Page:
Violence, like many aspects of God, can be abused by Man.  Anger and fear is not the same for God and man.  Jesus himself turned over the money changers’ tables, made a cord into a whip and used it.  Yes, God is violent, but not like man, just as C.S. Lewis’s Aslan is a not a safe lion, but is good.

 

“Olethros” is Greek for Destruction, but it is also the word for change or renewal.  Rarely are things in a vacuum, change comes with the potential for betterment.  A violent thunderstorm can bring much needed water to a thirsty land.

 

Ancient mystics or saints sometimes prayed for suffering to come.  Were they masochists? No, they didn’t enjoy suffering, but were wise enough to understand the benefits of suffering.  They hated the suffering itself, but it did help push them outside their comfort zone to improve.  Discomfort or suffering forces us to deal with a problem and potentially get stronger.

 

 

Chris

 

 

Q:  What are Teilhard de Chardin’s main thoughts about God and his relation with evolution and with us as discussed in Section 2.5? What are some criticisms to his theology?  Describe his thoughts about the “telos”.  Is this view plausible and compatible with orthodox biblical teachings, or is it too radical to accept?  Explain your thoughts.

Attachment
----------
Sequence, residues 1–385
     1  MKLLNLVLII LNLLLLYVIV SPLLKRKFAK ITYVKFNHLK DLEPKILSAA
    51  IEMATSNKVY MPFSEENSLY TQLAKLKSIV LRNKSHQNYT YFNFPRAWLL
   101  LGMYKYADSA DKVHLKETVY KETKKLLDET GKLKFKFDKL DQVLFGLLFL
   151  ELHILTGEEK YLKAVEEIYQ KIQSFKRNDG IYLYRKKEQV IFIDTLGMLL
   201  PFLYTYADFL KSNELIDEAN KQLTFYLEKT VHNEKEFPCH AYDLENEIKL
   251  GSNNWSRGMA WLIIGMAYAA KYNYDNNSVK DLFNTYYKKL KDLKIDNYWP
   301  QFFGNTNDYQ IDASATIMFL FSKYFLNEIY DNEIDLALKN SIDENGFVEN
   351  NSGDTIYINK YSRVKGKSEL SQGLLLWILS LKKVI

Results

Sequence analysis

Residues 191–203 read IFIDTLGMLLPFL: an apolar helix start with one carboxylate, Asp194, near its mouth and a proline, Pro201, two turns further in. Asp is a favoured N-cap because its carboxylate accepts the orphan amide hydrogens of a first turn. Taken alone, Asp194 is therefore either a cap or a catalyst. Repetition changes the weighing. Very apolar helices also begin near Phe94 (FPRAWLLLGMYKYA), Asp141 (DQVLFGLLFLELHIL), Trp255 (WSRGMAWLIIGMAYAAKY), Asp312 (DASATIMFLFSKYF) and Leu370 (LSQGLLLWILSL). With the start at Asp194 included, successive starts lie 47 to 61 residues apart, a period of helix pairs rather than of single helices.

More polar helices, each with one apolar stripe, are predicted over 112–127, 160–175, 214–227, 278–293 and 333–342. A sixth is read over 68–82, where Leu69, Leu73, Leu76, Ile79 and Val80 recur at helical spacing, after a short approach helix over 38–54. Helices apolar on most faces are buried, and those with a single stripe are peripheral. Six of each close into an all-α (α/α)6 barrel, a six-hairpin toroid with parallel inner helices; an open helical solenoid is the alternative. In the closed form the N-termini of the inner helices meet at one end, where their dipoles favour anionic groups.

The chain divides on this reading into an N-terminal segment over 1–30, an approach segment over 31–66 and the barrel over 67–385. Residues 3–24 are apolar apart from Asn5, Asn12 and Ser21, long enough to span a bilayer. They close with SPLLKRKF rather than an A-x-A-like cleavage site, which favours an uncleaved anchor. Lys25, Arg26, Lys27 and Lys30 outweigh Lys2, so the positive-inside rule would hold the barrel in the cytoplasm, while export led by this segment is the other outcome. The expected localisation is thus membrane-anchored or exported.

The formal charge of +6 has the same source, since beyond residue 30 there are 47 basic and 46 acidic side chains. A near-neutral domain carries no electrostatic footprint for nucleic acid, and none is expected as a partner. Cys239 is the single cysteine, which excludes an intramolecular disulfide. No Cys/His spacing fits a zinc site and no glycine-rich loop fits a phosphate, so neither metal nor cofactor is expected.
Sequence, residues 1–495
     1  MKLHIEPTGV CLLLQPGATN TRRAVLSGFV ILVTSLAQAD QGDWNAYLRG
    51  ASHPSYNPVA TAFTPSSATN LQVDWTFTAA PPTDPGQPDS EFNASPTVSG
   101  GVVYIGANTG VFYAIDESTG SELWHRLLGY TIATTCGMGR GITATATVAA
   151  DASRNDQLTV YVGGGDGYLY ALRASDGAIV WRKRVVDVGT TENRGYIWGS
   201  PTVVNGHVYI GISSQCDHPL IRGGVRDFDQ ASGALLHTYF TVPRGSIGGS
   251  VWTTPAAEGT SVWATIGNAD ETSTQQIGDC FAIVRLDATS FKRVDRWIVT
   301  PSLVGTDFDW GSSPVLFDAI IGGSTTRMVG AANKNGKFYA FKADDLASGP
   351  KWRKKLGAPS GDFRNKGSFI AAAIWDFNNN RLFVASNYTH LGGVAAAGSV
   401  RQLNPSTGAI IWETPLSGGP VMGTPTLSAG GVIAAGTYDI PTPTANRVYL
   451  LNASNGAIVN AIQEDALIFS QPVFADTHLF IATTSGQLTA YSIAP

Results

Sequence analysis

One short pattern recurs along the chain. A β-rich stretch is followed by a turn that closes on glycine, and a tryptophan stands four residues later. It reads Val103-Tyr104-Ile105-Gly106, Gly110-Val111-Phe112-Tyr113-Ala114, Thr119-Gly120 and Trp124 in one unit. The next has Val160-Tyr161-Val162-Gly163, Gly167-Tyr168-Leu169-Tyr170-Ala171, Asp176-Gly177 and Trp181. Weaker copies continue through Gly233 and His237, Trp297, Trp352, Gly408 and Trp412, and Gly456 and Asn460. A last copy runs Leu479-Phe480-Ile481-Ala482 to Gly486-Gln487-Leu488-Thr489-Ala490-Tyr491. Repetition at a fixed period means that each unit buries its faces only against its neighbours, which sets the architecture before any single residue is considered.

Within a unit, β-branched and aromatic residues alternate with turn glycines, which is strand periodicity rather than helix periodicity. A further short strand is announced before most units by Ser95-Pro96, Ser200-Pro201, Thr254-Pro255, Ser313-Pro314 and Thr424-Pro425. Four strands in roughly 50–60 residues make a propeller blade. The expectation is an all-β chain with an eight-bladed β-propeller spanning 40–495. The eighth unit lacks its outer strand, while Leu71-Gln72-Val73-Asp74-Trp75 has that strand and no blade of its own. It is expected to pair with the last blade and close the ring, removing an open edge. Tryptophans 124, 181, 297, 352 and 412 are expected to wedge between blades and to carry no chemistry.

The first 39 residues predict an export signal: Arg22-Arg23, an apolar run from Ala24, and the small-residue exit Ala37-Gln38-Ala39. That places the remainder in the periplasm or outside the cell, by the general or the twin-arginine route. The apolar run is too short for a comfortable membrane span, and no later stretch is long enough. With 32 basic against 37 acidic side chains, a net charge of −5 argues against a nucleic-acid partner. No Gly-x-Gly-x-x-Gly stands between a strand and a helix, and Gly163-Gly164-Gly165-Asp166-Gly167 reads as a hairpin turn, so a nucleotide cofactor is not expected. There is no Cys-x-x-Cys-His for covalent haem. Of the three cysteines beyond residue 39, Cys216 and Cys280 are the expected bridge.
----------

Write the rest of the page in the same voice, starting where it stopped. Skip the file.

Image result for teilhard de chardin

Teilhard de Chardin (1881 – 1955)

His thought is that some form of “evolution” is the means by which God draws the world to consummation in Christ. The telos or goal of this evolutionary process is consciousness – developing from matter inanimate to animate to conscious integrating over the entire planet, and all creation converting onto the “Omega Point.”